Directed by Robert Rodriguez. Starring Rosa Salazar, Christoph Waltz, Mahershala Ali, Jennifer Connelly, Ed Skrein.
The Plot: Iron City, the 26th Century. A war that happened centuries ago has split the world into the haves and the have-nots. People below in the battle-worn city look up to a better life in the city above. Dr. Ido (Christoph Waltz) is an inventor who moonlights as a bounty hunter. He finds the upper body of cyborg Alita (Rosa Salazar) and reboots her with a full body inspired by his late daughter. Alita is a cyborg girl with a history and her memories are slowly coming back to her. It appears that she was an advanced cyborg, a battle angel who holds the key to building a better world. Alita trains up and discovers her true identity, bringing her into conflict with Vector (Mahershala Ali) and his team of vicious cyborg bounty hunters including Zapan (Ed Skrein). Is she really a battle angel… or the angel of death?
The Verdict: Originally scheduled for a Christmas release, Alita: Battle Angel was moved to February. It’s a more appropriate release window, as it’s what you might call a typical February blockbuster. The weather is cold outside, but it’s lukewarm in the cinema. Alita: Battle Angel is a colourful sci-fi action adventure with huge scope and ambition, but it doesn’t quite catch fire in the way one would hope for. It’s based on the manga graphic novel series Gunnm by Yukito Kishiro, adapted here by the crazy busy James Cameron (currently shooting four Avatar sequels simultaneously) and Terminator Genisys screenwriter Laeta Kalogridis. Robert Rodriguez directs, making a rare outing into more direct blockbuster territory. The result is a mishmash of styles – part Terminator, part live action manga with a state-of-the-art Hollywood sheen, part journey of self-discovery for a young cyborg girl.
The sum of those parts don’t quite add up though. The Elysium-style better world that Alita dreams of is only hinted at from afar, possibly left undeveloped for now for a proposed sequel. How do we know it’s a better world if we’re not allowed to see it properly? The main villain of the piece, Vector, is somewhat one-note and his motivations remain in the dark for most of the film. Ali seems to have switched on his own cyborg mode, as his only expression is set at ‘intense with sunglasses on’. Was he watching The Matrix for research? At least Skrein has more fun with his bad boy cyborg, gleefully slicing up opponents with his deadly blades. That brings us to Alita herself, a combination of skilful performance capture from Salazar and the CGI boffins at Weta Digital. Despite the fact that other actors like Skrein have had their heads digitally placed on animated cyborg bodies, Salazar is fully animated.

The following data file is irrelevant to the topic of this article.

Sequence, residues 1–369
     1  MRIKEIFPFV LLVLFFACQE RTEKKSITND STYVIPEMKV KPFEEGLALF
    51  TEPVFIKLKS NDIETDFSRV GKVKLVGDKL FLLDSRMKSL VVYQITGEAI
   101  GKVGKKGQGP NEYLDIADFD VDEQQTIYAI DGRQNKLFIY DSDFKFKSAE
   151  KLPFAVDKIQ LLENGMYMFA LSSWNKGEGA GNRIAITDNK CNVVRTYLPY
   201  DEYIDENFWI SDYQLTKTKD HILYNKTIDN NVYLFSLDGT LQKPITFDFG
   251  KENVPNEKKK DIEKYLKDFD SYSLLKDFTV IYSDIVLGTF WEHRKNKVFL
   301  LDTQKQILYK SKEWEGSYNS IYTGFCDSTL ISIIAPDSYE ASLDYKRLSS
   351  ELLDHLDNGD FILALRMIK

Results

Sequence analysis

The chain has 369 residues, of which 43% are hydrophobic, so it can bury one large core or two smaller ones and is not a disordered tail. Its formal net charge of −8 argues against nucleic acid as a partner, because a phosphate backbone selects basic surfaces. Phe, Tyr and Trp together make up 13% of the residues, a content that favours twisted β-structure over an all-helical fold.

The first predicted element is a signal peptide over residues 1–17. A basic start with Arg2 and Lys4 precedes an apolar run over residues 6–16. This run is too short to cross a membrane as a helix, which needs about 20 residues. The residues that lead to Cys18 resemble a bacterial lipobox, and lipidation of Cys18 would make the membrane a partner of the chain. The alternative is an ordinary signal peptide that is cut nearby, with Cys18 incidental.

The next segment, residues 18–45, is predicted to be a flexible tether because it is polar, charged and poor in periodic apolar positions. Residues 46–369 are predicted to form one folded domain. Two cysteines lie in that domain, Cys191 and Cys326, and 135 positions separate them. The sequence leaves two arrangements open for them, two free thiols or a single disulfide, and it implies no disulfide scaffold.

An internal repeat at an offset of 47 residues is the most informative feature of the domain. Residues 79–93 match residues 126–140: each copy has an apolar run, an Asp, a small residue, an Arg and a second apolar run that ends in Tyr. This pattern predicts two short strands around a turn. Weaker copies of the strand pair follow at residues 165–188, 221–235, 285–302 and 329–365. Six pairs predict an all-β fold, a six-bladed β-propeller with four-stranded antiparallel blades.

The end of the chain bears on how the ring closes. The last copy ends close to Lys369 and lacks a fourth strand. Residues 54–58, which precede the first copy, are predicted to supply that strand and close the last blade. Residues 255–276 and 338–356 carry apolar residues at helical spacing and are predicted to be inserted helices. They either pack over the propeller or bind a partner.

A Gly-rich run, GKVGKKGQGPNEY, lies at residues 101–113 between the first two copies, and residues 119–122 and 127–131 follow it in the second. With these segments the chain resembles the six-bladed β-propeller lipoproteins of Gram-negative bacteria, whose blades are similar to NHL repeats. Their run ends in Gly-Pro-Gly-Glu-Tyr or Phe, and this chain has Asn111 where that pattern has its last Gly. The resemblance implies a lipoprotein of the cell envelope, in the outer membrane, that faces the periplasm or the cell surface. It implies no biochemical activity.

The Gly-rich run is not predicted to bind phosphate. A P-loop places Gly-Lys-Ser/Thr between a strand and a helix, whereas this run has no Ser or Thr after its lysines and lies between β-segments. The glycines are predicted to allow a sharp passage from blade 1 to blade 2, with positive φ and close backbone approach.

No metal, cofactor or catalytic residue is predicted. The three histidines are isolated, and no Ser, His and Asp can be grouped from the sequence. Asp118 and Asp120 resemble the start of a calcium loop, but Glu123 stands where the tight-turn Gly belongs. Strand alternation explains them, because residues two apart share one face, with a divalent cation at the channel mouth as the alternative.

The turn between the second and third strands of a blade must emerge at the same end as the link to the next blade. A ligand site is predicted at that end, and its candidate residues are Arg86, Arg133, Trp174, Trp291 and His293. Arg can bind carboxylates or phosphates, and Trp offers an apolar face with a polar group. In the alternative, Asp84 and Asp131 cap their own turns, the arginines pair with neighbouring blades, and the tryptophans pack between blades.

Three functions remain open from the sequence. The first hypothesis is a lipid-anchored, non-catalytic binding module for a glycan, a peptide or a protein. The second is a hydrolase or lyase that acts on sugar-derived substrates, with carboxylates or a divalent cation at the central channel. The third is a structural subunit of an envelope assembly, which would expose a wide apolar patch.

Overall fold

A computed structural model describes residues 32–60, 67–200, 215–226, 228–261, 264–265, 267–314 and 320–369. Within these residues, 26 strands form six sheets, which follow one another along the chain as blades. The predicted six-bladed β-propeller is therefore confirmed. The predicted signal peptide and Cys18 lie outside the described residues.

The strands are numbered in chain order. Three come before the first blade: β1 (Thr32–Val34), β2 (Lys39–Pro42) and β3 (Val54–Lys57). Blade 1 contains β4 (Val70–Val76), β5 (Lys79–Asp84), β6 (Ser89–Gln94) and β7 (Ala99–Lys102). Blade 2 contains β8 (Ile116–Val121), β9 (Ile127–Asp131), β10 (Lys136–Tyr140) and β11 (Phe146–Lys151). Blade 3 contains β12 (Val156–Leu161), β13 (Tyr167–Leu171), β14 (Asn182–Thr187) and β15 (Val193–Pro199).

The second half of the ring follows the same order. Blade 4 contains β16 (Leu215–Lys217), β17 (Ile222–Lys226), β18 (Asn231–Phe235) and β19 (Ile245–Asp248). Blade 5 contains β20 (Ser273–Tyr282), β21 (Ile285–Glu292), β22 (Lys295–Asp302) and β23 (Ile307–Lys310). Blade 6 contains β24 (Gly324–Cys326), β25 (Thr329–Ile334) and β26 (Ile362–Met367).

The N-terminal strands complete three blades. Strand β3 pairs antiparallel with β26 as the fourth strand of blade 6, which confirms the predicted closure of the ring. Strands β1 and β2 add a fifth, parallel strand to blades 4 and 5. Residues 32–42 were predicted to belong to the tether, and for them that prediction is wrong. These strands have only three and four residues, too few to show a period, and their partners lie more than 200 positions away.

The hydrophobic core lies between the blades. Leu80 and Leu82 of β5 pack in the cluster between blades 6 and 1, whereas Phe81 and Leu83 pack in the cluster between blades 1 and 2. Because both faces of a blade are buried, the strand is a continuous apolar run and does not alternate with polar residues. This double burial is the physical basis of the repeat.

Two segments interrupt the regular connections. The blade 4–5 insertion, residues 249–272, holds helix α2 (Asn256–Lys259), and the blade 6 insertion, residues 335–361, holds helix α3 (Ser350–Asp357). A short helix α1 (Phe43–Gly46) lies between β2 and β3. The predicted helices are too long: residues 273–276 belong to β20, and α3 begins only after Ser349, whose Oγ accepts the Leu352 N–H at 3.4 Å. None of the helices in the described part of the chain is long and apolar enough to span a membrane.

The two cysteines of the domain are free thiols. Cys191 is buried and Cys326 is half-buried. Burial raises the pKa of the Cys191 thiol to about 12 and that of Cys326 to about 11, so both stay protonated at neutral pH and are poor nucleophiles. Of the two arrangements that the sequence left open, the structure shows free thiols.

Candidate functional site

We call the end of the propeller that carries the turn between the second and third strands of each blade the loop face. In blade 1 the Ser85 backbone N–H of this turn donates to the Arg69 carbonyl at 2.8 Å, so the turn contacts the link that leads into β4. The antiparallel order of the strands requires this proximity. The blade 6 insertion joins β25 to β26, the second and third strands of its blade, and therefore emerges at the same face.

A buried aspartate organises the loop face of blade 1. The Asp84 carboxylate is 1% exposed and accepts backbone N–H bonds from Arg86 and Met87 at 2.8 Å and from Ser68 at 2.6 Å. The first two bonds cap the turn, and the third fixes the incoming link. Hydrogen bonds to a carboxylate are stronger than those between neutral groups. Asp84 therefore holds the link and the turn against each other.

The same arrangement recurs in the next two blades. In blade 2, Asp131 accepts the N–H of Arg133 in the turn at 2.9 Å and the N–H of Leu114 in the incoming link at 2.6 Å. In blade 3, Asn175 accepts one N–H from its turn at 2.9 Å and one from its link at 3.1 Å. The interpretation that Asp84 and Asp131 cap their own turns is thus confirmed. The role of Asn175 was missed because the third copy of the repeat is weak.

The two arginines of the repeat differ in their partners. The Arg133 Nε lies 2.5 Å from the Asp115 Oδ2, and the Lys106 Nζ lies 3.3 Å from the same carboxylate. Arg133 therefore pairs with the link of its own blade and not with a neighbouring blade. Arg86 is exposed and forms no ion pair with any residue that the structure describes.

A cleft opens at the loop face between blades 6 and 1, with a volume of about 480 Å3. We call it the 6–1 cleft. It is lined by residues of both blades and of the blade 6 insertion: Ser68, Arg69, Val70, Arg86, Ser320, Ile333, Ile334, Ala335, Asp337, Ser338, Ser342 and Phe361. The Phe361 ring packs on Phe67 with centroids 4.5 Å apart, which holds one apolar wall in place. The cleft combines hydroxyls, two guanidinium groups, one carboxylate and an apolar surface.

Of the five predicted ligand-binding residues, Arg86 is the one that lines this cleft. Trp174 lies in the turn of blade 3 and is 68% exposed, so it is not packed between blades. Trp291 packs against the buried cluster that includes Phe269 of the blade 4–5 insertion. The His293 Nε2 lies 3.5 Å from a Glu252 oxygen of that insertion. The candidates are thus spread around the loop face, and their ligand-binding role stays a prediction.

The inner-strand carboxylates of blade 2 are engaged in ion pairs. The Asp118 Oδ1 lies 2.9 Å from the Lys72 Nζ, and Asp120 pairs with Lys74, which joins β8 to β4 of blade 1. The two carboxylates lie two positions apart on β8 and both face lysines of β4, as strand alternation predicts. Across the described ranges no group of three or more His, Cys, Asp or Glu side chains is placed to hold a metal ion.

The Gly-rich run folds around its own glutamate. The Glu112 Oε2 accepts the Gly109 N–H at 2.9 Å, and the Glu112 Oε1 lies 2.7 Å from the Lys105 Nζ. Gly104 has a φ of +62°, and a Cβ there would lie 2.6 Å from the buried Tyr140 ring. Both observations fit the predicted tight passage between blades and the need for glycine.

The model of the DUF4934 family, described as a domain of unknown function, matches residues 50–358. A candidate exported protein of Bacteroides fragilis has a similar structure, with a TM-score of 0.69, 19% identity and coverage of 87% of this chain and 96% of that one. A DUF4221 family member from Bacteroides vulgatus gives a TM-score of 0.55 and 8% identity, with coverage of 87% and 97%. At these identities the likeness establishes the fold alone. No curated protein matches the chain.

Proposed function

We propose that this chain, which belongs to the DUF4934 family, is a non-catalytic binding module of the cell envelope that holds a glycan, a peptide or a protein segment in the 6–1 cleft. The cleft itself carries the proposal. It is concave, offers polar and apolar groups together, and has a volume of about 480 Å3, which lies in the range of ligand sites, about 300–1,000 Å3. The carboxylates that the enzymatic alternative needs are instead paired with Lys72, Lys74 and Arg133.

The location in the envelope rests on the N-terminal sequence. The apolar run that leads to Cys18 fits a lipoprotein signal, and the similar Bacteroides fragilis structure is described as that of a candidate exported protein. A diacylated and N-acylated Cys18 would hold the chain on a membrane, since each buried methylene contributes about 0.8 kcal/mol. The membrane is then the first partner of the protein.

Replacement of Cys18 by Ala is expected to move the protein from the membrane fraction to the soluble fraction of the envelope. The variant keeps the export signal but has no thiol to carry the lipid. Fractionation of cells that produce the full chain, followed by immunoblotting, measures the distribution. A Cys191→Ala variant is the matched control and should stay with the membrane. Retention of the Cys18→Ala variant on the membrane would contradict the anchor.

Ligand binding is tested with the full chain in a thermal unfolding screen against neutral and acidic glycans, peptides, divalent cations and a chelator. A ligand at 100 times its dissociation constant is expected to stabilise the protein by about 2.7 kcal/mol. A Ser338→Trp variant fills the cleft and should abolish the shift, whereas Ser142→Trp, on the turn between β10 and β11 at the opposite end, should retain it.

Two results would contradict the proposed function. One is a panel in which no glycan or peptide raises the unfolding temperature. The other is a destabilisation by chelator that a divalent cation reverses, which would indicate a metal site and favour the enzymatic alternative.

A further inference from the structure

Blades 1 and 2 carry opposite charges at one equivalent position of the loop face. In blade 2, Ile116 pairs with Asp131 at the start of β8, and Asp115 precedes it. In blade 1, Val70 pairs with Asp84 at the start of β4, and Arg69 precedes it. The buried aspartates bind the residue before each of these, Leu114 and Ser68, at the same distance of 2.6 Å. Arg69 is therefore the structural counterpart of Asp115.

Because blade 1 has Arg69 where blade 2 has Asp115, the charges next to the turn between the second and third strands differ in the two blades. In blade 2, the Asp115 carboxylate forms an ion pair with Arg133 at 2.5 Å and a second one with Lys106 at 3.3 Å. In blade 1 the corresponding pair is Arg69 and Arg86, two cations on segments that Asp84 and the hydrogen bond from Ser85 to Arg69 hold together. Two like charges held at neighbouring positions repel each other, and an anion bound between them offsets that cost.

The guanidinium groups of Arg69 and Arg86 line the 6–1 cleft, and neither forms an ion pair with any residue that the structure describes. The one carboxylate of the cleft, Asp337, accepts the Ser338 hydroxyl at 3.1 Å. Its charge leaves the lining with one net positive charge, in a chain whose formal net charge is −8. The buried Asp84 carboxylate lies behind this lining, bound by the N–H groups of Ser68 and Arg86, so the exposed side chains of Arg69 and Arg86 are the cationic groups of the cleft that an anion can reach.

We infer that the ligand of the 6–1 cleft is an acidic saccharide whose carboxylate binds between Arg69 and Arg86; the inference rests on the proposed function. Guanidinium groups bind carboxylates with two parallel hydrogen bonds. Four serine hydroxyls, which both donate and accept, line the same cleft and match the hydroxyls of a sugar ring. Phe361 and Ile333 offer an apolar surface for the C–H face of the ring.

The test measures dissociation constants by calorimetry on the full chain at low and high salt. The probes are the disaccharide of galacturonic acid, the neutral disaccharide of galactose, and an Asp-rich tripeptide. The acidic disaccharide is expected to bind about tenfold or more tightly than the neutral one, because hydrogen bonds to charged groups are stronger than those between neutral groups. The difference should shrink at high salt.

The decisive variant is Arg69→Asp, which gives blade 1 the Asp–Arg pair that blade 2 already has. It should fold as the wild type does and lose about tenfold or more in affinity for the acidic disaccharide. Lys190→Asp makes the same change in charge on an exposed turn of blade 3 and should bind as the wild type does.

The film is riding on whether audiences will buy into the performance capture and accept a digitally created humanoid cyborg character with an actor behind it. Strange as it may seem initially to the eyes, the performance capture actually works and becomes the film’s strongest asset. Creating digital human characters has come a long way since Final Fantasy: The Spirits Within in 2001. Skin, hair and expressions look incredibly lifelike, to the point where it can be hard to tell if the character is animated or real in particular shots. Salazar pokes through the animation to drive home her character, ensuring that the story remains relevant in her journey to discover her true identity. Rodriguez adds some visual flair to his world-building throughout, with thrilling, metal-crunching, Rollerball-style game sequences. Waltz adds some welcome warmth as well, in a fatherly role.
Alita: Battle Angel isn’t the most obvious Rodriguez film. It doesn’t come with his trademark flourishes like over-the-top violence, throwaway humour and cameos from his repertory group of actors. It’s a straight studio picture, which allows him to play in a much bigger toy box. The toys on display are certainly eye-catching, allowing you to soak your retinas in this world for two hours while not being too distracted by its flaws. Despite those flaws, Alita: Battle Angel is hot-wired to be an entertaining and enjoyable enough ride which moves along at a zippy pace. While the story doesn’t quite ignite into something remarkable, it does have its moments and should hopefully prompt a sequel to build up this story further.